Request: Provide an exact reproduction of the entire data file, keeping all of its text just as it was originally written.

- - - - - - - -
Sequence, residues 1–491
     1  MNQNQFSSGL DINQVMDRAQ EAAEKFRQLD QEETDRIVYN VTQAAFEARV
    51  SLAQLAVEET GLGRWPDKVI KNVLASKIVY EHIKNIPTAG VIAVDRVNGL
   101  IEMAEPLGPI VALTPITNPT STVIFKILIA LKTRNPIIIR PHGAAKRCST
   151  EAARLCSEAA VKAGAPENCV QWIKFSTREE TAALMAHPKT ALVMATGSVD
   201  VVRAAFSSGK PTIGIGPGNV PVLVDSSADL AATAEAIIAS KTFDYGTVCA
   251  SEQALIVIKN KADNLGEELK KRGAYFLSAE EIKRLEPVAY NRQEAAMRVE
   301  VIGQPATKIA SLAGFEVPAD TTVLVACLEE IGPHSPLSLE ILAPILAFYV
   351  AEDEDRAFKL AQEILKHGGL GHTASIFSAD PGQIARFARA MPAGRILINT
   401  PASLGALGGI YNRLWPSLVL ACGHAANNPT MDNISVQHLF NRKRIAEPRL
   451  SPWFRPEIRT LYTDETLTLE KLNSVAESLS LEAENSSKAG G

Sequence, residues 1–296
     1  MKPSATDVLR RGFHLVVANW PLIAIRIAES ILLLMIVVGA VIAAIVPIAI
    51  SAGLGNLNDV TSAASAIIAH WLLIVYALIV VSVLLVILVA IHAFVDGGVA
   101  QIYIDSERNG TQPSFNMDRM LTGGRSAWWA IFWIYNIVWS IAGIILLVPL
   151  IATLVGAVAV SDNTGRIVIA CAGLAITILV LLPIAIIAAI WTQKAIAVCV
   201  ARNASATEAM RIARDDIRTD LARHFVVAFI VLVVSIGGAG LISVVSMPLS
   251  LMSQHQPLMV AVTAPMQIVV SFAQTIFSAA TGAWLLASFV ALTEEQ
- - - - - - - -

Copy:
Sequence, residues 1–491
     1  MNQNQFSSGL DINQVMDRAQ EAAEKFRQLD QEETDRIVYN VTQAAFEARV
    51  SLAQLAVEET GLGRWPDKVI KNVLASKIVY EHIKNIPTAG VIAVDRVNGL
   101  IEMAEPLGPI VALTPITNPT STVIFKILIA LKTRNPIIIR PHGAAKRCST
   151  EAARLCSEAA VKAGAPENCV QWIKFSTREE TAALMAHPKT ALVMATGSVD
   201  VVRAAFSSGK PTIGIGPGNV PVLVDSSADL AATAEAIIAS KTFDYGTVCA
   251  SEQALIVIKN KADNLGEELK KRGAYFLSAE EIKRLEPVAY NRQEAAMRVE
   301  VIGQPATKIA SLAGFEVPAD TTVLVACLEE IGPHSPLSLE ILAPILAFYV
   351  AEDEDRAFKL AQEILKHGGL GHTASIFSAD PGQIARFARA MPAGRILINT
   401  PASLGALGGI YNRLWPSLVL ACGHAANNPT MDNISVQHLF NRKRIAEPRL
   451  SPWFRPEIRT LYTDETLTLE KLNSVAESLS LEAENSSKAG G

Sequence, residues 1–296
     1  MKPSATDVLR RGFHLVVANW PLIAIRIAES ILLLMIVVGA VIAAIVPIAI
    51  SAGLGNLNDV TSAASAIIAH WLLIVYALIV VSVLLVILVA IHAFVDGGVA
   101  QIYIDSERNG TQPSFNMDRM LTGGRSAWWA IFWIYNIVWS IAGIILLVPL
   151  IATLVGAVAV SDNTGRIVIA CAGLAITILV LLPIAIIAAI WTQKAIAVCV
   201  ARNASATEAM RIARDDIRTD LARHFVVAFI VLVVSIGGAG LISVVSMPLS
   251  LMSQHQPLMV AVTAPMQIVV SFAQTIFSAA TGAWLLASFV ALTEEQ